This entry was posted on Saturday, December 31st, 2016 at 4:44 pm and is filed under Comparisons, Video. You can follow any responses to this entry through the RSS 2.0 feed. You can leave a response, or trackback from your own site.

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    2 Responses to ' Look At Me Play Guitar – Sony HDR-MV1 vs Canon HF R500 '

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    1. Patrick said in post # 1,

      on January 1st, 2017 at 11:45 am

      First, a Happy Year 2017 to you!
      Great comparison, thanks ever so. The Sony, in my opinion, is clearly the best here as far sound is concerned. Personally I would tend to add an HPF, at 60 HZ or so, at mixing. But the signal from the Sony is solid, very clean and true enough to the original guitar sound. It sounds like condenser mic. The mic of the Canon, on the other hand, reminds me of a cheap electret, which is a pity as the image is really nice.
      I was wondering what you think of the H1, which is also used in this video. I find it very frustrating in terms of signal to noise ratio, in that it is only quiet when the input value is low, but you can’t have it too low either, as you get fierce digital artefacts when the setting is below 30… Also I found it has no headroom. If you play a chord fortissimo or even forte on a acoustic guitar it inevitably clips.
      People say the H4n (and now the H4n Pro) has far better mics and preamps. Would you agree on this?
      Thanks again for this video, great to hear your guitar playing again, and hoping to see more of your videos in the months to come.
      Patrick (Paris)

    2. Fran Guidry said in post # 2,

      on January 1st, 2017 at 12:53 pm

      Patrick, thanks for stopping by and commenting. I use a Zoom H6 regularly and it is significantly better than the H1 in terms of self-noise. As I understand it, the H4n Pro and the H5 use the same preamps as the H6 and should have similar performance. The original H4n and H2n were superior to the H1 but not as good as the current generation.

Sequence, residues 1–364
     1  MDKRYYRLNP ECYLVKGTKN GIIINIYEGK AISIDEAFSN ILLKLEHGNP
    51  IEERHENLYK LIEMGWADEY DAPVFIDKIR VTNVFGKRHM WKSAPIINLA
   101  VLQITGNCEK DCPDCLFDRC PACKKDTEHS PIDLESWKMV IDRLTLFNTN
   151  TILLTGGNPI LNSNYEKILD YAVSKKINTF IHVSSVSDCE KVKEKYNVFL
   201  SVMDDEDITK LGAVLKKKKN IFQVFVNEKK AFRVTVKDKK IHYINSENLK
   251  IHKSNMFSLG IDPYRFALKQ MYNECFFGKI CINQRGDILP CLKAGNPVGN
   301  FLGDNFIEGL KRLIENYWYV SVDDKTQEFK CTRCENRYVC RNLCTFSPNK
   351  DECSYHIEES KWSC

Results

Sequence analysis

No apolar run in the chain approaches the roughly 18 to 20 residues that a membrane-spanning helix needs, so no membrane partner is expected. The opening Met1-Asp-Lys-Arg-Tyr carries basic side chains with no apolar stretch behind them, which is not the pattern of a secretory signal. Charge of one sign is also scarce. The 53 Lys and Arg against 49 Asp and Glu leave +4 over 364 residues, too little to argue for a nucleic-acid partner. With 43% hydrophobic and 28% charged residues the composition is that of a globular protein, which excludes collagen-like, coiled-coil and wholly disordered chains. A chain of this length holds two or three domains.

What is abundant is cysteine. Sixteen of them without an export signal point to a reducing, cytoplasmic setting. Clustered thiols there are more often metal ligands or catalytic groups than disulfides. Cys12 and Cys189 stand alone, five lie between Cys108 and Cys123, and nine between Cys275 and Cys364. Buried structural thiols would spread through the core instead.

Leave a reply

    About the Blog

      Howdy, my name is Fran Guidry and this is my Homebrewed Music blog.

      I play Hawaiian slack key guitar and recorded my solo acoustic CD at home. Most of the recording information I find on the internet seems focused on bands, drums, multitracking, and so on but my main focus is recording solo acoustic guitar. Lately I’ve been enjoying video recording along with audio, so that shows up in the blog as well.

      I’m also a guitar nut. I love big ones and little ones, handmades and factory guitars, cheap ones and expensive ones. So I’ll be sharing the fun of exploring guitars as well, along with the challenges of amplifying acoustic guitars for live performance.



      My recording philosophy is pragmatic, skeptical, not super critical. After all, the performance is by far the most important component of a track, and every aspect of any recording is a matter of taste.

      But I do like to know “about stuff.” Back in hifi days I learned about double blind testing. I learned that we humans can easily hear differences that don’t really exist. The more I’ve learned about our human auditory system, the more I’m skeptical of what people say they hear, especially if they claim that a particular microphone or preamp or cable has some magical property.

      I’ve only been recording since 2001, and when I started I found the usual places on the internet. I sought advice and accepted it, thought I would improve my recordings by using more expensive equipment. It didn’t work.

      Two things that did seem to lead to better recordings were experience and room treatment. Getting an appealing sound is the combination of many small details, and learning those details only comes from experience. Amd the sound of the recording space is obviously a big factor.

      I’ve only recorded seriously using digital technology, but I remember trying to record rehearsals and gigs back in analog days. I don’t have any nostalgia for analog recording and playback systems at all. I think even low end digital systems can capture marvelous recordings. So when I look at gear, I look for good specs: low noise, broad flat frequency response, wide dynamic range, low distortion. I’m not interested in colorful components, mics and preamps with a sound, I want the sound to be the sound of my guitar.

      But the last word is that I’m just learning and I hope you find something useful in my posts.